[Show abstract][Hide abstract] ABSTRACT: Rationale:
Local plaque macrophage proliferation and monocyte production in hematopoietic organs promote progression of atherosclerosis. Therefore, non-invasive imaging of proliferation could serve as a biomarker and monitor therapeutic intervention.
To explore (18)F-fluorothymidine ((18)F-FLT) PET-CT imaging of cell proliferation in atherosclerosis.
Methods and results:
(18)F-FLT PET-CT was performed in mice, rabbits and humans with atherosclerosis. In ApoE(-/-) mice, increased (18)F-FLT signal was observed in atherosclerotic lesions, spleen and bone marrow (SUV wild-type versus ApoE(-/-) mice, 0.05±0.01 versus 0.17±0.01, P<0.05 in aorta; 0.13±0.01 versus 0.28±0.02, P<0.05 in bone marrow; 0.06±0.01 versus 0.22±0.01, P<0.05 in spleen), corroborated by ex vivo scintillation counting and autoradiography. Flow cytometry confirmed significantly higher proliferation of macrophages in aortic lesions and hematopoietic stem and progenitor cells in the spleen and bone marrow in these mice. In addition, (18)F-FLT plaque signal correlated with the duration of high cholesterol diet (r2=0.33, p<0.05). Aortic 18F-FLT uptake was reduced when cell proliferation was suppressed with 5-FU in ApoE(-/-) mice (p<0.05). In rabbits, inflamed atherosclerotic vasculature with the highest (18)F-fluorodeoxyglucose uptake enriched (18)F-FLT. In patients with atherosclerosis, (18)F-FLT signal significantly increased in the inflamed carotid artery and in the aorta.
(18)F-FLT PET imaging may serve as an imaging biomarker for cell proliferation in plaque and hematopoietic activity in individuals with atherosclerosis.
Circulation Research 09/2015; DOI:10.1161/CIRCRESAHA.115.307024 · 11.02 Impact Factor
[Show abstract][Hide abstract] ABSTRACT: Inflammation drives atherosclerotic plaque progression and rupture, and is a compelling therapeutic target. Consequently, attenuating inflammation by reducing local macrophage accumulation is an appealing approach. This can potentially be accomplished by either blocking blood monocyte recruitment to the plaque or increasing macrophage apoptosis and emigration. Because macrophage proliferation was recently shown to dominate macrophage accumulation in advanced plaques, locally inhibiting macrophage proliferation may reduce plaque inflammation and produce long-term therapeutic benefits. To test this hypothesis, we used nanoparticle-based delivery of simvastatin to inhibit plaque macrophage proliferation in apolipoprotein E deficient mice (Apoe(-/-) ) with advanced atherosclerotic plaques. This resulted in rapid reduction of plaque inflammation and favorable phenotype remodeling. We then combined this short-term nanoparticle intervention with an eight-week oral statin treatment, and this regimen rapidly reduced and continuously suppressed plaque inflammation. Our results demonstrate that pharmacologically inhibiting local macrophage proliferation can effectively treat inflammation in atherosclerosis.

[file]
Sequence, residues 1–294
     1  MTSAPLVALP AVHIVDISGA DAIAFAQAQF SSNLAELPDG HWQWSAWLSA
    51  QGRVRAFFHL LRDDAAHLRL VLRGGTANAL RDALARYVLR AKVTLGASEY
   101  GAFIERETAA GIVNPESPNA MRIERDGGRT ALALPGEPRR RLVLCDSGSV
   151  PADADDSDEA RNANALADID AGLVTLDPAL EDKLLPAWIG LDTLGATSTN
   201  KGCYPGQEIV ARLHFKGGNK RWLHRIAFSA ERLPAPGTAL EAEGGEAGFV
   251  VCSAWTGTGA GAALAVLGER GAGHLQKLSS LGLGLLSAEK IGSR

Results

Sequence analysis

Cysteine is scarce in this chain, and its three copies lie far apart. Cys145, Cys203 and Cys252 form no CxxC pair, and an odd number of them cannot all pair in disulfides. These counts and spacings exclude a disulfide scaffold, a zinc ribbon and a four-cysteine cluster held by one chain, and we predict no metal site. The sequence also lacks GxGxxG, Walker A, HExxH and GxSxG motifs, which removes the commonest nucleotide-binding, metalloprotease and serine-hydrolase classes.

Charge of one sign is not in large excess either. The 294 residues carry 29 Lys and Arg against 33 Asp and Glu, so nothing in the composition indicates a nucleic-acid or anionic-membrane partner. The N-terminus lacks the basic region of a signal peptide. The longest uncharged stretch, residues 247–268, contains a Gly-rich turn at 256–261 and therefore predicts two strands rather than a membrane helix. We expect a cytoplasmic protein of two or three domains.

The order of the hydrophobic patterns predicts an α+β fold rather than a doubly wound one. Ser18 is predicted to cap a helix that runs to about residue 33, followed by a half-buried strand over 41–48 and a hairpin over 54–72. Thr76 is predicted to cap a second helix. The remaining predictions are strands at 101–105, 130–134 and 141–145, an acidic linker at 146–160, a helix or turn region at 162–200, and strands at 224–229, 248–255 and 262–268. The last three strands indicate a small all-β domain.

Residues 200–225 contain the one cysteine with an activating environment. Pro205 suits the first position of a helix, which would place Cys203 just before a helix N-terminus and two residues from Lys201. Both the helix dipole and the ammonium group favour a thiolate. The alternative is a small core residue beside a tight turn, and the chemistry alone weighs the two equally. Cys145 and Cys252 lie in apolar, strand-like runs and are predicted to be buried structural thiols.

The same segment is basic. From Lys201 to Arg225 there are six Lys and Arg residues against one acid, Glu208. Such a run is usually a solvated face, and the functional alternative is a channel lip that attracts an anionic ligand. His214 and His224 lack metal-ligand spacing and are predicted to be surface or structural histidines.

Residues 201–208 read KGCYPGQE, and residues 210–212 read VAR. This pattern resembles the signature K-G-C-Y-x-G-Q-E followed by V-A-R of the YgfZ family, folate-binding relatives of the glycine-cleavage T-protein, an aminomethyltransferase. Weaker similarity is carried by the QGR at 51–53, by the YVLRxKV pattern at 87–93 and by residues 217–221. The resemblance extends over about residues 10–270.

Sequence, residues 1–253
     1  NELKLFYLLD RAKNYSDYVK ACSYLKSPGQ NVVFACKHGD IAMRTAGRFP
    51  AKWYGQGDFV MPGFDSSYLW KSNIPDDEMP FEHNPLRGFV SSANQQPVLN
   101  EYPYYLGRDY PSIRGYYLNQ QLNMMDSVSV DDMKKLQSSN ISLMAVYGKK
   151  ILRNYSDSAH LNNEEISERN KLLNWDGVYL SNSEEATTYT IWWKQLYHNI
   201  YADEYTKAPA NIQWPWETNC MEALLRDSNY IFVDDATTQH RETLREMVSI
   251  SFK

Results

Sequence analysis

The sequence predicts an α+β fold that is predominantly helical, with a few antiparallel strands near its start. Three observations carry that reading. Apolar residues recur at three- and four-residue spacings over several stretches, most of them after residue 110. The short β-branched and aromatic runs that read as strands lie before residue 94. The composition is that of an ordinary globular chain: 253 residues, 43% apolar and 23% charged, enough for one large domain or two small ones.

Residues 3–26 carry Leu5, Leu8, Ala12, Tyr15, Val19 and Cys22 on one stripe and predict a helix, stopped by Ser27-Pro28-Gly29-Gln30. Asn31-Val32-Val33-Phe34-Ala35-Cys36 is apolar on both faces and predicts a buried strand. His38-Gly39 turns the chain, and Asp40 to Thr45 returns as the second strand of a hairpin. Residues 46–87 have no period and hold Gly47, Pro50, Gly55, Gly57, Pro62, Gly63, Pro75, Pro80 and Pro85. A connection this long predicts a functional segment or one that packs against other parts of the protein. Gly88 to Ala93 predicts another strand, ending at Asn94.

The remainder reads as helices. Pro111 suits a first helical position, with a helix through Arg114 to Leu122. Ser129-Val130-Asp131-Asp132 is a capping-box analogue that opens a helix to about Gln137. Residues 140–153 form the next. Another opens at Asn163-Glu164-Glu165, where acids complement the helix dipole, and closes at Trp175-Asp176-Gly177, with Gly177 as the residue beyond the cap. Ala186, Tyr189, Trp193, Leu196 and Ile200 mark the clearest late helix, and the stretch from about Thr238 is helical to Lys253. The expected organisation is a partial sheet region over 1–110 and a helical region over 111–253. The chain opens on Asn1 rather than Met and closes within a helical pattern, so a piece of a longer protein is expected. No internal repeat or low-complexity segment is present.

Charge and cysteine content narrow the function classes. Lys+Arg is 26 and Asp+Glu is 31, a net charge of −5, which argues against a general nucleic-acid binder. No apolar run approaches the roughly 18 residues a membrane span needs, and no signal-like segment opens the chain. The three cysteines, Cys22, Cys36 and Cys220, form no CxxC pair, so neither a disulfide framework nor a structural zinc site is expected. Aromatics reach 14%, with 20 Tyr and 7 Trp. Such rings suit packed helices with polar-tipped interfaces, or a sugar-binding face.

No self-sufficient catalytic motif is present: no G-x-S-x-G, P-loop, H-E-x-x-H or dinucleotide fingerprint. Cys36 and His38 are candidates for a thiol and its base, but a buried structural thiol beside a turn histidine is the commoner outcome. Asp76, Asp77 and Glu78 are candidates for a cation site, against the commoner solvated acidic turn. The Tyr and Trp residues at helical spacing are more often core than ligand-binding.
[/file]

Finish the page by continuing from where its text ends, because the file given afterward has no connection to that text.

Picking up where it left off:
[Show abstract][Hide abstract] ABSTRACT: High-density lipoprotein (HDL) is a natural nanoparticle that exhibits an intrinsic affinity for atherosclerotic plaque macrophages. Its natural targeting capability as well as the option to incorporate lipophilic payloads, e.g., imaging or therapeutic components, in both the hydrophobic core and the phospholipid corona make the HDL platform an attractive nanocarrier. To realize controlled release properties, we developed a hybrid polymer/HDL nanoparticle comprised of a lipid/apolipoprotein coating that encapsulates a poly(lactic-co-glycolic acid) (PLGA) core. This novel HDL-like nanoparticle (PLGA-HDL) displayed natural HDL characteristics, including preferential uptake by macrophages and a good cholesterol efflux capacity, combined with a typical PLGA nanoparticle slow release profile. In vivo studies carried out with an ApoE knockout mouse model of atherosclerosis showed clear accumulation of PLGA-HDL nanoparticles in atherosclerotic plaques, which co-localized with plaque macrophages. This bio-mimetic platform integrates the targeting capacity of HDL bio-mimetic nanoparticles with the characteristic versatility of PLGA based nanocarriers.
[Show abstract][Hide abstract] ABSTRACT: Atherosclerosis is a major cause of global morbidity and mortality that could benefit from novel targeted therapeutics. Recent studies have shown efficient and local drug delivery with nanoparticles, although the nanoparticle targeting mechanism for atherosclerosis has not yet been fully elucidated. Here we used in vivo and ex vivo multimodal imaging to examine permeability of the vessel wall and atherosclerotic plaque accumulation of fluorescently labeled liposomal nanoparticles in a rabbit model. We found a strong correlation between permeability as established by in vivo DCE-MRI and nanoparticle plaque accumulation with subsequent nanoparticle distribution throughout the vessel wall. These key observations will enable the development of nanotherapeutic strategies for atherosclerosis.
[Show abstract][Hide abstract] ABSTRACT: Background: